The wheel is come full circle.
Here we are again at Karlsplatz. Across the street is the magnificent building of the Viennese Opera but we resist the temptation to examine it closely, and instead join a crowd of locals at Kärntner Ring tram station. The digital sign promises a 10 minute wait, but this doesn’t bother me: bright sunlight, colorful people and gorgeous architecture make up the perfect pastime.
Today’s itinerary is simple: do the ring. In other words, hop on tram #1 all the way up to Schwedenplatz, and then change to tram #2 to return to Karlsplatz to see all landmarks in the center of Vienna at a price of a single trip ticket. (Psst, there is a special tourist service called Ring Tram. It essentially does the same route at a higher price. Not recommended.)
An hour later and a circle in, we know exactly which stops we would like to revisit. First on the list: Museumplatz, a home of twin museums Naturhistorische and Kunsthistorische, separated by a magnificent monument of Maria Theresa. Torn between the exceptional choice of checking dinosaurs versus roman antiquities, I resort to the most reasonable alternative: posing in front of park statues. (A better way of combining art and history, anyone?)
Opposite Museumplatz is the entrance to Hofburg palace, and the National library. We pop in just for a couple of quick shots, and rush to the nearest U-Bahn station (Volkstheater) to hide from what appears to be a big rainy cloud. A station down, at Schottentor, there is no sign of rain, so we take a stroll along Schottengasse to explore the old town from a different angle.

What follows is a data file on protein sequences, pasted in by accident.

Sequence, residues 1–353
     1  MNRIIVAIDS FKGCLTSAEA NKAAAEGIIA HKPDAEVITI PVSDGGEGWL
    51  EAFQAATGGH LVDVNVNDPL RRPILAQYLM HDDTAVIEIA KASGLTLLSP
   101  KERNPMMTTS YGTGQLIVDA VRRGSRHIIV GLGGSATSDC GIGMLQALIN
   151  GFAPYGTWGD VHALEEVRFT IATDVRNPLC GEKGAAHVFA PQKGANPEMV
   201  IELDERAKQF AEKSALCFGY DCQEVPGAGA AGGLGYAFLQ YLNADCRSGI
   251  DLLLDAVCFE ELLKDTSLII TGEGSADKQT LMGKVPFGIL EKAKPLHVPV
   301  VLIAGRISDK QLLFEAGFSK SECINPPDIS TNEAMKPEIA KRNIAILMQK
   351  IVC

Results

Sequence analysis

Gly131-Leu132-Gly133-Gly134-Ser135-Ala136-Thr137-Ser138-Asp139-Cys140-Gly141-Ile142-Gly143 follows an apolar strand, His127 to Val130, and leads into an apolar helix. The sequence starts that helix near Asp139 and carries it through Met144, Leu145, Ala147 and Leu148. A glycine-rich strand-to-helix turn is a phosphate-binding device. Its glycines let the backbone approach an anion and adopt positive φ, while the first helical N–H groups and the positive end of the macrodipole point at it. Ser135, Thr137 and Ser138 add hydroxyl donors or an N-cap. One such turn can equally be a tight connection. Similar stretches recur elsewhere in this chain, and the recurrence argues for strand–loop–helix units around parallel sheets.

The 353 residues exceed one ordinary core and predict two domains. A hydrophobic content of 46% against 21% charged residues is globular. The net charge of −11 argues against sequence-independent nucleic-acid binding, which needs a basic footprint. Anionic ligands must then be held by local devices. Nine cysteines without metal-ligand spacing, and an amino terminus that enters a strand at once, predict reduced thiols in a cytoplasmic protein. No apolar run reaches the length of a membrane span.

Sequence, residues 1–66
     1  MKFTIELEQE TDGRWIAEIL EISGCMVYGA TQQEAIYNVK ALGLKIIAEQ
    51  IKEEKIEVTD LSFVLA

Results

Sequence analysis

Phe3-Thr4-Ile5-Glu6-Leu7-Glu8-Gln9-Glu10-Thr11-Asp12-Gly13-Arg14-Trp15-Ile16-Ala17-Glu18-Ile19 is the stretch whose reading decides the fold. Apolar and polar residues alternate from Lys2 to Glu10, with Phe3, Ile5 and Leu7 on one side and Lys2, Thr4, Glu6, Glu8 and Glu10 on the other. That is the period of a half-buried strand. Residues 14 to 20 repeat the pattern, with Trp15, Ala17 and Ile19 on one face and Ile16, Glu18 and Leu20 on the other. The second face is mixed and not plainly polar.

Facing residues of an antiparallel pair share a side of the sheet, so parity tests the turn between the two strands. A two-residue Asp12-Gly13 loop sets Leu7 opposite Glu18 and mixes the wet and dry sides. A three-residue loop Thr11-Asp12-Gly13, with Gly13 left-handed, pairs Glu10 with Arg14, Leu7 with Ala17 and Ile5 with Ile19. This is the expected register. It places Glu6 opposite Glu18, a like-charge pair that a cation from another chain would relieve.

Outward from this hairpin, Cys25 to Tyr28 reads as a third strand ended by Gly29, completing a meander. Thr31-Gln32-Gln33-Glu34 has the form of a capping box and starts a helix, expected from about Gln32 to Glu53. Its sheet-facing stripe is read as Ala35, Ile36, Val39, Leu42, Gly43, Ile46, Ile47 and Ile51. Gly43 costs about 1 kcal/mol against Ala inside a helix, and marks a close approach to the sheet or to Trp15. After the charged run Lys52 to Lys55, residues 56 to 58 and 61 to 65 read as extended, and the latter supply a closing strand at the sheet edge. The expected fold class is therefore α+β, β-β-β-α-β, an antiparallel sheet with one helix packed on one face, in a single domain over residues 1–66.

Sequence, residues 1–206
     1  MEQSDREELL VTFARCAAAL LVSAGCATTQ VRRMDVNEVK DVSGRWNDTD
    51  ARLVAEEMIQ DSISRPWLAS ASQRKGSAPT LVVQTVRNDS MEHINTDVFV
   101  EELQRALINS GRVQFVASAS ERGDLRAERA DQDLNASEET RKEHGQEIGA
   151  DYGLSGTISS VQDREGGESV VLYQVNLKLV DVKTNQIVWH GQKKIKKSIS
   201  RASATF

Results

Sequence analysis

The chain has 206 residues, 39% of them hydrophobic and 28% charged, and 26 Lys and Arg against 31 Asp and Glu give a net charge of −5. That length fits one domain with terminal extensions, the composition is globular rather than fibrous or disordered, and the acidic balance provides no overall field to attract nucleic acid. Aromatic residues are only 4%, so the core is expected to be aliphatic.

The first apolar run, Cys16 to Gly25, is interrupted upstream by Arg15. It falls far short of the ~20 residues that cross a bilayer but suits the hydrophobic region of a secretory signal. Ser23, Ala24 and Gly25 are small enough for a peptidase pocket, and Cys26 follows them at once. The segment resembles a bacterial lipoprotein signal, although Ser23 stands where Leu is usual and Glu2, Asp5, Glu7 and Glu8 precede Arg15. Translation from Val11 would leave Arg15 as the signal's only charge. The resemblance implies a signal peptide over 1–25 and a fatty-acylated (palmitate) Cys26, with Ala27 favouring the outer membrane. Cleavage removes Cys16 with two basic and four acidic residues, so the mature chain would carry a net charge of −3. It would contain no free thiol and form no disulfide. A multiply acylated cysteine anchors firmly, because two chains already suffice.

We first stumble upon old Vienna in Restaurant Leupold. Authentic interior, and even more authentic clientele. And the food, oh my, the food is a-ma-zing. Definitely try the käsespetzle, it is worth every bite.
And while I am in food mood, let me get ahead of myself and tell you a word about Cafe Central, situated just some blocks away from restaurant Leupold. (At Herrengasse to be precise.) Once upon a time a meeting point of writers and intellectuals, now Cafe Central attracts people of all walks of life who admire great history and great pastries. To tell the truth, the lovers of pastries probably outnumber those of history in here, and there are some good reasons why.
Enough on food. Cultural hunger however still needs to be satisfied so we continue down Herrengasse to end up in Michaelplatz, and … the Hofburg palace. The main entrance, to be exact. (Little did we know earlier in the morning that we entered from the back.)
It is already late, and all exhibits are closed, so we leave the Sisi Museum for our next visit, and continue through a labyrinth of small streets through the different buildings that constitute the Hofburg palace. (I find interesting the mix of well-maintained facades on all main buildings against the shabby tatty walls of these same buildings when they are not exposed to tourist eyes.) On the premises is also the Spanish Riding School, but more interesting by far are the horses who are fashionably accessorized in the colors of their carriage.
We finish off the day strolling through Burggarten, a beautiful park behind the palace, and we slowly find our way to Karlsplatz. The circle is closed.